Saturday, December 17, 2011
It was a newsy week - with the Iraq war coming to a quiet close, the Obama administration’s fight against state anti-immigration efforts going to the U.S. Supreme Court and Newt Gingrich’s runaway train seeming to slow in the Republican presidential race.
The majority of U.S. voters believe Iraq is better off than when dictator Saddam Hussein was in power, but they're not so sure the war-torn country will become peaceful and democratic anytime soon. One thing for sure: If civil war breaks out in Iraq, voters strongly believe U.S. troops should not get involved.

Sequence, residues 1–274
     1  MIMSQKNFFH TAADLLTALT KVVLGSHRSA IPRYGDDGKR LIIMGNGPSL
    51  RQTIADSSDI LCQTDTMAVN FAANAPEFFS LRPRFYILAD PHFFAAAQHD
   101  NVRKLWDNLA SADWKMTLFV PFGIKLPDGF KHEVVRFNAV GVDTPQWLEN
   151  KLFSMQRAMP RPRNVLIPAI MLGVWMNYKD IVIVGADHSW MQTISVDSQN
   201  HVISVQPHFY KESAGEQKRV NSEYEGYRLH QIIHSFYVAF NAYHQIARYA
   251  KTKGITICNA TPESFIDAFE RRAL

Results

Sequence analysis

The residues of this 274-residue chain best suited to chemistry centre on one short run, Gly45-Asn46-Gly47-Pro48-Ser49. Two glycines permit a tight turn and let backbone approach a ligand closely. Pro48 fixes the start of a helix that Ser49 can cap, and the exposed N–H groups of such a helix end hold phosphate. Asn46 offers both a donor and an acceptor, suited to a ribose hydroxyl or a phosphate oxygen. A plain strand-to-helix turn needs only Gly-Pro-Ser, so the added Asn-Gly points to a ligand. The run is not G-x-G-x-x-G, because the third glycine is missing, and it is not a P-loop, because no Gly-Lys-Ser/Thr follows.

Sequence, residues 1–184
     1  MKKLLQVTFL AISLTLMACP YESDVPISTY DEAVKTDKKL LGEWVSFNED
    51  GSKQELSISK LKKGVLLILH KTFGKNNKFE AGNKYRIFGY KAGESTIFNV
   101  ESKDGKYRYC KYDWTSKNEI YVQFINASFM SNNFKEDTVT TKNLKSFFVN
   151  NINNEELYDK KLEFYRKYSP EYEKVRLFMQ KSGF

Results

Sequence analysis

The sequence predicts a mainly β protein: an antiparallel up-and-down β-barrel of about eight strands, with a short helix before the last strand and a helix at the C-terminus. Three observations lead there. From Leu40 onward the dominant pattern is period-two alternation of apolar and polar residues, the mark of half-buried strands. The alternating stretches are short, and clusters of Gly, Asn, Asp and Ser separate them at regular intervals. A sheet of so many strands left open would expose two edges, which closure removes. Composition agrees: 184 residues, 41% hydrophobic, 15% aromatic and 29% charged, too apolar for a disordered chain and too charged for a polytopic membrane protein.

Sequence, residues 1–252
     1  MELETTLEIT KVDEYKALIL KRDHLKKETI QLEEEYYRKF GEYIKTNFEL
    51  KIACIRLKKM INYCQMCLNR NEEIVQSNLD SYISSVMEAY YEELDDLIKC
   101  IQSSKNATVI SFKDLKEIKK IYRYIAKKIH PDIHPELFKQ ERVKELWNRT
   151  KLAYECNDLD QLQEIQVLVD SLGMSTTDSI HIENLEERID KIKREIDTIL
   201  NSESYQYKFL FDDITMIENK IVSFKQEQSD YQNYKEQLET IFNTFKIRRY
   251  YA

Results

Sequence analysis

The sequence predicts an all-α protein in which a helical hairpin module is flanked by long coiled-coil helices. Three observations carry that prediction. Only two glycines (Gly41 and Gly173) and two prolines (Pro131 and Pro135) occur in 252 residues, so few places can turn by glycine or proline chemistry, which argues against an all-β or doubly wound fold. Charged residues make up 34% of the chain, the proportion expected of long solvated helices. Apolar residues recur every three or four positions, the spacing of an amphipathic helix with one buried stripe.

The U.S. Supreme Court on Monday announced it will decide whether the law Arizona adopted last year to fight illegal immigration violates the Constitution as the U.S. Justice Department contends. But a new survey finds that most voters still support a similar immigration law for their own state. Seventy-three percent (73%) agree that government officials are not doing enough to stop illegal immigration, and 63% think a state should have the right to enforce immigration laws if it believes the federal government is not enforcing them.
Voters continue to believe strongly that the federal government’s actions are encouraging illegal immigration as the Justice Department ended the week announcing bias charges against a popular Arizona sheriff for his anti-immigration efforts.Rasmussen subscribers can log in to read the rest of this article.
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